greeting and question about AIS
Mark,toggle quoted messageShow quoted text
Why did you choose the seacas system over the NASA unit? Do you have a
Raymarine chart plotter on board? the Nasa black box will put the ais
targets on the C and E series chart plotters.
The install of the Ais antenna is simple.
I believe I suggested the sea me unit to you. If the unit is mounted as on
Kimberlite, there is a hole in the edge of the mizzen masthead on the
I just used a large reamer to enlarge the hole for the VHF antenna. Amel
left runners on the masthead to be able to pull a cable through the mast. It
is accessible at the bottom of the mast on the port side. It is a fiberglass
plate with two screws.
You pull the cable down to that point. Then go into the aft head and there
is a panel to the right of the mirror. Remove the panel and you will find a
piece of corrugated hose that leads up to the bottom of the mizzenmast with
the radar cable in it. You then just pill the cable down into the mirror
area with a snake. . there is a wood panel below the forward port in the aft
cabin . Remove this with the few wood screws. Incidentally, Amel uses torx
screws and not Phillips head screws. They look very similar, but the torx
screwdriver available from McMaster works much better on all the screws of
the boat. With this panel removed you can run the ais antenna cable across
the boat. Just follow the radar cable across the headliner in the mid-ships
bunk using the access panels. The cable then runs down into the forward
cabinet in the mid ships cabin. It is behind removable panels on the forward
side, which is held in with Velcro. Then remove the panel behind the
bookshelf and you are at the nav station. After mounting the antenna, I
believe we had the cable at the nav station in less than 30 minutes.
Amel Super Maramu #376 Kimberlite
From: Mark Pitt [mailto:Mark_Pitt@brown.edu]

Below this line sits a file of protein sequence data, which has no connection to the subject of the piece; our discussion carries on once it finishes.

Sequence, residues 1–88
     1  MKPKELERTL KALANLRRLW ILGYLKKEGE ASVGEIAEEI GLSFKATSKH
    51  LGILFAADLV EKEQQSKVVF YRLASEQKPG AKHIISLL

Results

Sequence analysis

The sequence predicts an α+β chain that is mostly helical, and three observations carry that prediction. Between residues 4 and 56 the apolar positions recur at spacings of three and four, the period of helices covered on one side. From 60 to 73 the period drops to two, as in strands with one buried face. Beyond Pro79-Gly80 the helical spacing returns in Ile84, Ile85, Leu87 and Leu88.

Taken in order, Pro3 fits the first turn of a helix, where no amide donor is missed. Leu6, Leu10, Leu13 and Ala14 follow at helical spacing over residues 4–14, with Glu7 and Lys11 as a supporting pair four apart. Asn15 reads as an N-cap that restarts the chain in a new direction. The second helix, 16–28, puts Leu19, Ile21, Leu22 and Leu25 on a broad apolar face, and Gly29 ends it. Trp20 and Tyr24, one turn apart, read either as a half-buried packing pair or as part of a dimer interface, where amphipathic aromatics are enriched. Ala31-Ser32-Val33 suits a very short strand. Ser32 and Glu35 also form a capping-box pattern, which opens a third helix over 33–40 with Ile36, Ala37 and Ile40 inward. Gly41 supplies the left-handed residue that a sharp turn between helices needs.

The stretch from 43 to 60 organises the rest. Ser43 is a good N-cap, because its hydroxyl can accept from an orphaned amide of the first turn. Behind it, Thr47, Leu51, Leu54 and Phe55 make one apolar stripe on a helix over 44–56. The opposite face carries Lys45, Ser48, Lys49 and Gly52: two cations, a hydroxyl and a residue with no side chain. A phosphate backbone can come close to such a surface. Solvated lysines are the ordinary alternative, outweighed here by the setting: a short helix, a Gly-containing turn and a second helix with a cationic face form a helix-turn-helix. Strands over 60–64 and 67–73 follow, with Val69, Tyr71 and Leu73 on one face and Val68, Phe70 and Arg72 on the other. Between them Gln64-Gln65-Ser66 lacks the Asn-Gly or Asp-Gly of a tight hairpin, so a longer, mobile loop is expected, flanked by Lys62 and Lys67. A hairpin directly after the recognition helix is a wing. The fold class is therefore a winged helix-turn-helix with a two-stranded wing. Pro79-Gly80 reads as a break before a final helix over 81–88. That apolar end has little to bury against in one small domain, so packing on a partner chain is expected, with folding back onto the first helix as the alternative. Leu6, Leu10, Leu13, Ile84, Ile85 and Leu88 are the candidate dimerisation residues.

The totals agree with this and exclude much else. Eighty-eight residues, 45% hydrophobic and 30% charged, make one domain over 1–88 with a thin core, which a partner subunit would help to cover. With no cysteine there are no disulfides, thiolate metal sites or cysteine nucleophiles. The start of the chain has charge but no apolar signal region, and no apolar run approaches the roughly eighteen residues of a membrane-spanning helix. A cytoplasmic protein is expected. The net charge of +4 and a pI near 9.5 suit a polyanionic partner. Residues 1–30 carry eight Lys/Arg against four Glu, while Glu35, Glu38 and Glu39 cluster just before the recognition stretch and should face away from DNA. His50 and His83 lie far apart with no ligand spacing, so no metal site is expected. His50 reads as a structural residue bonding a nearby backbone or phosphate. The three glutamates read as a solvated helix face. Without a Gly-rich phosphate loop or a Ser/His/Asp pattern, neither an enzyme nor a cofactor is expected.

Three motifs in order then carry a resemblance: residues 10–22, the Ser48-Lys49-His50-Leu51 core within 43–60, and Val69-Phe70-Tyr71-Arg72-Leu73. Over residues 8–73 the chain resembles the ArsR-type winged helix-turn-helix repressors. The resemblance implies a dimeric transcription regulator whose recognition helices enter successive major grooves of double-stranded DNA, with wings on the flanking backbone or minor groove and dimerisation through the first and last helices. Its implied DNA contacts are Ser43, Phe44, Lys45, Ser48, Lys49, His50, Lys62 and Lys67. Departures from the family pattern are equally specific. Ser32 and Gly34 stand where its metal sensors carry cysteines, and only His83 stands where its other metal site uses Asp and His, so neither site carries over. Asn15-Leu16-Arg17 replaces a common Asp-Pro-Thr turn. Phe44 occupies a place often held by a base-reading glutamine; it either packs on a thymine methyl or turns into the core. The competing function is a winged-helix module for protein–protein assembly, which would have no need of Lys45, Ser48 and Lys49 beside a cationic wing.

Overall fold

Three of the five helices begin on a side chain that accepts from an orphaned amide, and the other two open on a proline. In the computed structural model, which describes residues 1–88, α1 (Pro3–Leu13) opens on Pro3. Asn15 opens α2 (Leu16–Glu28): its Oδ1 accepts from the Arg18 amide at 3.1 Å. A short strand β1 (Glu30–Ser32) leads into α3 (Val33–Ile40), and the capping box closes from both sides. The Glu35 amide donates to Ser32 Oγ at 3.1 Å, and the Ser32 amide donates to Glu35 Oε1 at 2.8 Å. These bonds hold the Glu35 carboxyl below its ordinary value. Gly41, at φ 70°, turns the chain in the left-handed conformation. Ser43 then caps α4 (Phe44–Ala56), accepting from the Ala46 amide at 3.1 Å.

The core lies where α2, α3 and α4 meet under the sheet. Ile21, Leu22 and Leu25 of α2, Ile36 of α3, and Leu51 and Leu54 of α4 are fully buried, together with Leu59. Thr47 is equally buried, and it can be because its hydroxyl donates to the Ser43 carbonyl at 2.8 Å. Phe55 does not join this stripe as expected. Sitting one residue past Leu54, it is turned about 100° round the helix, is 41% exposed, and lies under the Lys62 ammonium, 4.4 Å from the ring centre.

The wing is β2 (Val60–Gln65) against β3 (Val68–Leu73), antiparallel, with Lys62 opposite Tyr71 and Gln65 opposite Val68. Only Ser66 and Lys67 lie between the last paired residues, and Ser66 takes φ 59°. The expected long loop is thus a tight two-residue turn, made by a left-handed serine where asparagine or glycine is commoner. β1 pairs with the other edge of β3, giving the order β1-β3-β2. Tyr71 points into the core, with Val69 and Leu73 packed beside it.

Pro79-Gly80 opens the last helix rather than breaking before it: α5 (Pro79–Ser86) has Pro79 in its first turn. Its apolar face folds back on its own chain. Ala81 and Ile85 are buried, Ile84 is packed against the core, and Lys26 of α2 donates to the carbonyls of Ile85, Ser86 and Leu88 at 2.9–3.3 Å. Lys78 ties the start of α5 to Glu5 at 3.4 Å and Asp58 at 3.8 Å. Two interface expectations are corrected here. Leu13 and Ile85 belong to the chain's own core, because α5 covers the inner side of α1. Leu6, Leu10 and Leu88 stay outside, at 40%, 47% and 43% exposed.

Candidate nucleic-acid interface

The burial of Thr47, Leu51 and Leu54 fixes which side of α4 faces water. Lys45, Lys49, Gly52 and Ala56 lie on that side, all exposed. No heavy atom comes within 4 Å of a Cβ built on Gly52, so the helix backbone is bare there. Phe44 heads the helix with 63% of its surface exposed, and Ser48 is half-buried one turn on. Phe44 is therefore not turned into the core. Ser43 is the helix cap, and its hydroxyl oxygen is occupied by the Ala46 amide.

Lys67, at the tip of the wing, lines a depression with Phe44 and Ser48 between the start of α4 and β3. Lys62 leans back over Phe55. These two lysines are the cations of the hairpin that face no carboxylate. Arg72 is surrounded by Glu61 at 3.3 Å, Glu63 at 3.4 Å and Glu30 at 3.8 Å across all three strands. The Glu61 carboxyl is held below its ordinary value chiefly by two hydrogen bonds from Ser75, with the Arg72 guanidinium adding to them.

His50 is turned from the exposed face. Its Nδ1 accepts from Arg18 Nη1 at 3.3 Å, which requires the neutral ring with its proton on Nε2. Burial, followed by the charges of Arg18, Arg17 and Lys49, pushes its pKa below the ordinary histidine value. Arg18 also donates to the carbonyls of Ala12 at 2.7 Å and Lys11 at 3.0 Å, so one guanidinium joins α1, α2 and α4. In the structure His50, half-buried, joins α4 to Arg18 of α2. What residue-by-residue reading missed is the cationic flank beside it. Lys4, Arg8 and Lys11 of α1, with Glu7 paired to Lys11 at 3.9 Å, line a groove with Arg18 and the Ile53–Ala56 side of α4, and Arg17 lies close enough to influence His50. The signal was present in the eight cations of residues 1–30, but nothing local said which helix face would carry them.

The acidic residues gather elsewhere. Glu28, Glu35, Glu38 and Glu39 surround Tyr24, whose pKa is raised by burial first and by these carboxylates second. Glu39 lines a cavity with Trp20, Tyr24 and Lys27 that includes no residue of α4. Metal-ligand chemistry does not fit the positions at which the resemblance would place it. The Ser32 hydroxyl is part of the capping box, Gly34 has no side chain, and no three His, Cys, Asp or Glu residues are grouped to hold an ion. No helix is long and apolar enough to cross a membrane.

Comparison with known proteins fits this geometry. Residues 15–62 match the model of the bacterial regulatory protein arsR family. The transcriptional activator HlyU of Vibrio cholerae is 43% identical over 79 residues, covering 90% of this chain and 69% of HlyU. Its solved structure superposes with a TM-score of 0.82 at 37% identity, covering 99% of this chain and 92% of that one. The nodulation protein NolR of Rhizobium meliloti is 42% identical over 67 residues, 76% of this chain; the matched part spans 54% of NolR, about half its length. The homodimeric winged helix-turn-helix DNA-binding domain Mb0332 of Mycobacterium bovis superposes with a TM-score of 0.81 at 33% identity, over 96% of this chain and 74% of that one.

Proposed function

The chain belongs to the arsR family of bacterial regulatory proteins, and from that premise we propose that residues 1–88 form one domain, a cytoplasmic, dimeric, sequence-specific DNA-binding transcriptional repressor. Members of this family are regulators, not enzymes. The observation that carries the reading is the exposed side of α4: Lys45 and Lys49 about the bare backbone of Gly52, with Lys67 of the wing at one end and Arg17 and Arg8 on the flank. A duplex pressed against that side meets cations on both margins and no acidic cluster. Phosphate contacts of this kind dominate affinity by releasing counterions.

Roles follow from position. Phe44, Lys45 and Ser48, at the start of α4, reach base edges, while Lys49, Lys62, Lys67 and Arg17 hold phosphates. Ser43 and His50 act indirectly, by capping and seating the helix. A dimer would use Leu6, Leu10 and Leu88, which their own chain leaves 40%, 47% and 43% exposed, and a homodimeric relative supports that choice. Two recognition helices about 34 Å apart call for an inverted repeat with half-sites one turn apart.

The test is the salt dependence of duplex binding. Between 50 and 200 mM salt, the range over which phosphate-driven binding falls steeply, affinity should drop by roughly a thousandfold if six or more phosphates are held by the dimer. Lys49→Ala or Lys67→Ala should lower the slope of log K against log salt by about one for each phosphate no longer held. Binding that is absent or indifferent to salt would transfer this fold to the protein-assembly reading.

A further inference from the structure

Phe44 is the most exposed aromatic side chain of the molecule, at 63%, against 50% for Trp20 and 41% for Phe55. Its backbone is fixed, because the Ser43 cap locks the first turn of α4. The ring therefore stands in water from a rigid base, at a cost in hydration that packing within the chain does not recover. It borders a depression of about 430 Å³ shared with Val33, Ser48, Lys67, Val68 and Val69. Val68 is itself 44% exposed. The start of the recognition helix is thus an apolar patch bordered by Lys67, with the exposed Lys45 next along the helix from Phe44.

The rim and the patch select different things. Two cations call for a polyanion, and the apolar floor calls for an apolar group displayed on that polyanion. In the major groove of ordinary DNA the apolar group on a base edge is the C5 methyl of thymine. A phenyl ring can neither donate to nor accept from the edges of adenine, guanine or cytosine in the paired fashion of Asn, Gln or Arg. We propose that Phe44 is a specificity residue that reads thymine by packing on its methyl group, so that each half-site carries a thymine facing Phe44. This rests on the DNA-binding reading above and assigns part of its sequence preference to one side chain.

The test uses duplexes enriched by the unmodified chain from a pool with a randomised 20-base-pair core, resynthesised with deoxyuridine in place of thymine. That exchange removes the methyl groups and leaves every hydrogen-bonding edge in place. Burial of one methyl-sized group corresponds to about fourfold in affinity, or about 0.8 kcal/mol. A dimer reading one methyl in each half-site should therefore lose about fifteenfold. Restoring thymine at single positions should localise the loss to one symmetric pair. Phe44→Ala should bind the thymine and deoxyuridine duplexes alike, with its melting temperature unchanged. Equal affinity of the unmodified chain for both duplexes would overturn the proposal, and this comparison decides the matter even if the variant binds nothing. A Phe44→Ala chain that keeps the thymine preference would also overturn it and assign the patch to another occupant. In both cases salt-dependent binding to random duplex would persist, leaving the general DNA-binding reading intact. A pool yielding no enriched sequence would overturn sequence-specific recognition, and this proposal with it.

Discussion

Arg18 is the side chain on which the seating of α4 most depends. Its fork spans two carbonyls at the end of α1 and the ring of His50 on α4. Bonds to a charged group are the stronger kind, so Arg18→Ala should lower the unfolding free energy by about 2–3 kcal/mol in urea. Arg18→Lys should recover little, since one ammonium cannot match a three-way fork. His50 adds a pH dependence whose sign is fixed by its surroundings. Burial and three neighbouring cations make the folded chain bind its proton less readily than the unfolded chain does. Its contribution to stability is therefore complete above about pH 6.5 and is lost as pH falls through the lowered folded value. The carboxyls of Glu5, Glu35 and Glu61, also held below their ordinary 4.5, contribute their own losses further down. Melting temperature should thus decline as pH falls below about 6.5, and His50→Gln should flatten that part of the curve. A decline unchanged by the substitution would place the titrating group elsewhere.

Sent: Monday, February 11, 2008 9:25 PM
Subject: greeting and question about AIS
How are you doing? Are you in the Caribbean this time of year?
I am back at Brown after 12 months at sea. My wife and I left
the boat in New Zealand. We will return in May and continue
in the South Pacific for awhile before heading west in another
I am thinking of adding AIS to Sabbatical III, although not
the NASA system. Probably a SeaCAS receiver.
Which ever AIS system I use, I need to
get an antenna up on the mizzen and thread the cable to the
nav station. Your Yahoo post seems to suggest that you
received some assistance from Amel in figuring our how to
do this. Can you please pass that info on to me? I already
have a SeaMe active transponder up there, so I hope there
--- Mark M. Pitt
--- Professor of Economics
Miles Bidwell <mbidwell@...>
I used a slightly different approach to AIS which may be of interest. I
purchased a SITEX black box unit and connected it to the VHF antenna with an
active splitter. The splitter is a unit called "EasySPLIT. I do not know
if it is sold in the US, but I have seen others in the Defender catalog.
The splitter costs more than the AIS but avoids adding another antenna and
cabling. The AIS shows on a laptop that lives on a shelf (that Amel
designed) over the chart table. This has worked flawlessly for the last
year. Passing through the Straits of Gibraltar last December, I counted
about 40 ships underway. Since the AIS range is well over 40 miles for a
big ship with a high antenna, I could have seen more ships on a larger scale
chart, but the close ones were of more interest. An added benefit of the
AIS is that it shows the name of the ship as well as the closest passing
distance. Ships seem to respond better when addressed by name than by "the
ship at position . . . . "
S/Y LADYBUG (now in Martinique)